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by Ramsey Campbell

Download Solomon Kane eBook
ISBN:
184856726X
Author:
Ramsey Campbell
Category:
Genre Fiction
Language:
English
Publisher:
Titan Books; 1 edition (June 28, 2011)
EPUB book:
1452 kb
FB2 book:
1132 kb
DJVU:
1119 kb
Other formats
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Rating:
4.3
Votes:
980


Solomon kane the official movie novelisation a novel by ramsey campbell based on the screenplay written by michael j. bassett based on the character created b. .

Solomon kane the official movie novelisation a novel by ramsey campbell based on the screenplay written by michael j. bassett based on the character created by robert . The official movie novelisation. A novel by. Ramsey campbell. Based on the screenplay written by. Michael j. bassett. Based on the character created by. Robert e. howard. Solomon Kane: The Official Movie Novelisation. Published by. Titan Books.

Ramsey Campbell has completed Howard's three sizable fragments, and several compilations contain some of.

Ramsey Campbell has completed Howard's three sizable fragments, and several compilations contain some of these collaborations. ISBN 0-671-87695-3) in which Campbell's continuation and completion of Howard's fragments are printed do not delineate the exact spot at which the author changes.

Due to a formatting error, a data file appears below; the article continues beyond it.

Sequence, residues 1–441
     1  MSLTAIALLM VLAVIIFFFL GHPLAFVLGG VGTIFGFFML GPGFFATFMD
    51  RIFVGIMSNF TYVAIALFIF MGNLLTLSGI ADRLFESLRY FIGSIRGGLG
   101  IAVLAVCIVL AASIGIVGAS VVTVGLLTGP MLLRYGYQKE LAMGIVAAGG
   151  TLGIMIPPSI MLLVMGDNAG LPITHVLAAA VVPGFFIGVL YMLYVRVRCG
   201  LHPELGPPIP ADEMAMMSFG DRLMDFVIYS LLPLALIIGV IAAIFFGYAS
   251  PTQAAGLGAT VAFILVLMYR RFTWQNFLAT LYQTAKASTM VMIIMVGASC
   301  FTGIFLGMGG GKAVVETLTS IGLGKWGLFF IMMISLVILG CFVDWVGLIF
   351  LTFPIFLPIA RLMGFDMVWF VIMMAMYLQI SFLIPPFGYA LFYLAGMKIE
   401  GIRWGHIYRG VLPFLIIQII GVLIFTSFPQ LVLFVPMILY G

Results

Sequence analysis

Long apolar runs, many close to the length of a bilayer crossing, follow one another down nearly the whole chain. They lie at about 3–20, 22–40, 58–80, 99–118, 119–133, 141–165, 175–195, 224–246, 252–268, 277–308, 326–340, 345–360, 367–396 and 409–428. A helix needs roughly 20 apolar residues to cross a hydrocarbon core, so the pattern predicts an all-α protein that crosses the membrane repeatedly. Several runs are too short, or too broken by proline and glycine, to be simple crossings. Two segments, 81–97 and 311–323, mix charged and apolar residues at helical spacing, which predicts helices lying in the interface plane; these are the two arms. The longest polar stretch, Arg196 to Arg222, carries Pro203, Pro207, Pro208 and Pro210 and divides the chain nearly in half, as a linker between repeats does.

FREE shipping on qualifying offers

FREE shipping on qualifying offers. Solomon Kane is a sixteenth century anti-hero created by renowned sword and sorcery author Robert E Howard (creator of Conan the Barbarian ). When Solomon Kane meets the Devil's Reaper.

The man lay half crouched on a bed of filthy straw in one dim corner.

The man lay half crouched on a bed of filthy straw in one dim corner s nothing else in the cell. A hole in the floor served as a privy. The man’s face was turned to the wall as if he could not bear the stench from the hole or the sight of his situation, but Kane made out that he was old and frail. The strands of unkempt hair that trailed over the shoulders of his ragged shirt were every colour of tarnished gold.

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While their efforts were not negligible, none of their books still live

While their efforts were not negligible, none of their books still live. Now, esteemed horror writer Ramsey Campbell – heir of M. R. James and Robert Aickman – has had a go. And it’s not just the book of the film – it’s the book of the film of the book. Michael Bassett’s film adaptation of Robert E. Howard’s ‘Solomon Kane’ was a good dark fantasy, not particularly faithful to Howard’s puritan-pulp stories, but enjoyable of its kind.

Solomon Kane: The Official Movie Novelisation. Alone with the Horrors: The Great Short Fiction of Ramsey Campbell 1961-1991.